Doctors said Fernando Fuentes had a small chance of survival after being diagnosed with cancer five years ago. As a consequence, the Salvadoran had his left leg amputated in July 2012. “I felt lonely at that moment. As if God, my family, my friends and everyone had abandoned me. I felt I did not want to live any longer,” said Fuentes, who five years later is set to compete in swimming at the Youth Parapan American Games in Sao Paulo, Brazil. “The pain was very intense, unbearable sometimes.
But I slowly recovered and realised that God, my family and my friends had always been there giving me their invaluable support. “They encouraged me to move forward. I understood that not having a leg did not prevent me from doing what I wanted. We should never let ourselves go down.”
Fuentes was amongst the 30 athletes and coaches identified and trained in Bogota, Colombia, last February, as part of the Road to Sao Paulo 2017 Youth Parapan American Games programme. The Road to Sao Paulo 2017 is the third in the ‘Road to’ series being organised by the Agitos Foundation, the development arm of the International Paralympic Committee (IPC).
It joins successful editions for the build-up to the Toronto 2015 Parapan American Games and the Rio 2016 Paralympic Games. A similar programme is also being run with the PyeongChang 2018 Paralympic Winter Games. In 2014, Fuentes took up swimming as part of his rehabilitation process.
Coach Roberto Vasquez saw him and introduced him to Jorge Alberto Ochoa, President of El Salvador Paralympic Committee. “It was then that I learned everything about the Paralympic Movement and the Paralympic Games,” the 16-year-old said.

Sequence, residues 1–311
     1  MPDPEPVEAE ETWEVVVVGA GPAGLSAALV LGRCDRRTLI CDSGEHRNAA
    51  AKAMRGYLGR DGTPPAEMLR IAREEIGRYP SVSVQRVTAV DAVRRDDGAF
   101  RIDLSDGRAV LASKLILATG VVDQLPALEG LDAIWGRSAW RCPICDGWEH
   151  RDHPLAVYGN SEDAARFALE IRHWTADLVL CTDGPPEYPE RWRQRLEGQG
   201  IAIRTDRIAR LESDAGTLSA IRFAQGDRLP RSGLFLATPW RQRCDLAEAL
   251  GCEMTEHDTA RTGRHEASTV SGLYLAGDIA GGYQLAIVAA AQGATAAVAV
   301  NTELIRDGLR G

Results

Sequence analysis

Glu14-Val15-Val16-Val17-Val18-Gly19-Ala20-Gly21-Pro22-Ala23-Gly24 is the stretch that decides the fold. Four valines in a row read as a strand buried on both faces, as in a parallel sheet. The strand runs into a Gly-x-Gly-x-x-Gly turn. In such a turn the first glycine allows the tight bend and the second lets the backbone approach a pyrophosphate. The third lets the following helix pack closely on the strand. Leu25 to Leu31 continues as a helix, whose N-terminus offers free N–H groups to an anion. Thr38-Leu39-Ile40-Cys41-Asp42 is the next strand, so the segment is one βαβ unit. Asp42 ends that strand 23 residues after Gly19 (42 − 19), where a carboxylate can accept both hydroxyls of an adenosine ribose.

Sao Paulo 2017 will be Fuentes’ first international experience as a Para swimmer. “This is a great opportunity to showcase my abilities and to gain necessary experience ahead of future competitions,” he said. “I want to thank God, the International Paralympic Committee, the Agitos Foundation and NPC El Salvador for their support to be here today. “This Youth Parapans will be a test for us, young athletes, to prove capable of one day reaching a World Championships or a Paralympic Games.
We also want to show everyone that we have many things to give. “My biggest dream is to qualify for Tokyo 2020, have my family watching me compete there and make my country proud.”
Over 800 athletes, aged 12-20 years old, from 20 countries are expected to participate in Sao Paulo, with 12 sports being contested: athletics, boccia, football 5, football 7, goalball, judo, powerlifting, sitting volleyball, swimming, table tennis, wheelchair basketball and wheelchair tennis.
Buenos Aires 2013 attracted more than 600 athletes from 16 countries, who competed across 10 sports. Brazil topped the medal table and 15 countries reached the podium at least once.
Barquisimeto, Venezuela, staged the inaugural edition in 2005, with athletes from 10 countries competing, whilst a total of 14 countries attended the event in Bogota, Colombia, in 2009.
For more information, visit Sao Paulo 2017’s website. saopaulo2017.com/site/